Personalizing at Scale

Engaging Every Student as an Individual

A project involving faculty and staff from the College of Literature, Science, and the Arts, the College of Engineering, the Office of Digital Education and Innovation and the Center for Research on Learning and Teaching is creating a Digital Innovation Greenhouse (DIG), to build upon existing personalized education technology at U-M to provide tailored advising to students in all 19 schools and colleges.

“The Digital Innovation Greenhouse is a team of developers, educators and managers located in the Office of Digital Education and Innovation. The DIG team will transplant digital engagement tools developed by research groups, grow them to scale in the greenhouse, then pass them on to campus IT when they’re ready to become infrastructure,” explains Timothy McKay, Arthur F. Thurnau Professor of Physics.

“Education in Michigan’s third century can be much more personal,” McKay says. “When students feel their education is personalized — when it’s right for them, aware of and sensitive to their background, interests, and goals — they respond with engagement; engagement which emerges naturally as a result of relevance, attention, and a sense of belonging.”

Project Background

The modern research university was born during the 20th century’s massive industrial expansion. Introductory courses across the curriculum typically enroll hundreds, even occasionally thousands of students. Instruction often follows the lead of Henry Ford: students are treated as identical, each hearing the same lectures, receiving the same advice, doing the same assignments and taking the same exams.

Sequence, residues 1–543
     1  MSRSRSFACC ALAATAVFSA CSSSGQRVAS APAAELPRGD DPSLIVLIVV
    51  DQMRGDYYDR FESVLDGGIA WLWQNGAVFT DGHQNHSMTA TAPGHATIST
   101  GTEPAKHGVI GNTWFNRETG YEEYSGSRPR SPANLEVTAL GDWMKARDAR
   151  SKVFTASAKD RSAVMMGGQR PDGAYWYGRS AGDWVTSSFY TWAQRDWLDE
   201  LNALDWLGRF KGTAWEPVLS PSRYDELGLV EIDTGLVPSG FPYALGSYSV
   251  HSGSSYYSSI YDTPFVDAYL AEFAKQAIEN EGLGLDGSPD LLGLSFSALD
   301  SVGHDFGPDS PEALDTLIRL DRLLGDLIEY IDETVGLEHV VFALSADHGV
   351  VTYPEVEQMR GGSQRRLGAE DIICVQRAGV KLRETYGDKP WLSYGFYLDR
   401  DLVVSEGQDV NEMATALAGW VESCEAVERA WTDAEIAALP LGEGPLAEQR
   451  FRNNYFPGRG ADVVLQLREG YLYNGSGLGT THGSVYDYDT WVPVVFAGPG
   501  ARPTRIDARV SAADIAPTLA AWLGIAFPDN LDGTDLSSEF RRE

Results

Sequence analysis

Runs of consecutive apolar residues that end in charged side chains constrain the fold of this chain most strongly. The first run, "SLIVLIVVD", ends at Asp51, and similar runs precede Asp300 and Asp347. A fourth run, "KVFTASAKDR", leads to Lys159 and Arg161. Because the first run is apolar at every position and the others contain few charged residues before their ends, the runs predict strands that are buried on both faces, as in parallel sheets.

The 21st century began with an information revolution that promises to change higher education as dramatically in this century as industrialization did in the last. What happens in the classroom has already shifted, moving away from simple delivery of content. But the real revolution will come when the information technology is used to personalize education. It is now possible to gather rich and extensive information about each student’s background, interests, goals, activity and current status. Technology supported personalization enables us to act on this knowledge; to optimize education at scale, create much greater student engagement, and accomplish more with less.

This is already starting to happen at U-M.

For two years, the E2Coach system has been used to support 1,900 students a term in all four large introductory physics courses. It was recently expanded to include introductory statistics, chemistry, and biology, offering the system to more than 5,200 students. Personalized support has shown a clear impact: E2Coach users significantly outperform their peers in these courses, even after careful accounting for differences in their background and preparation. This project is a unique collaboration between behavior change experts and STEM educators; its existence provides a key advantage in our effort to play a national role in personalized education.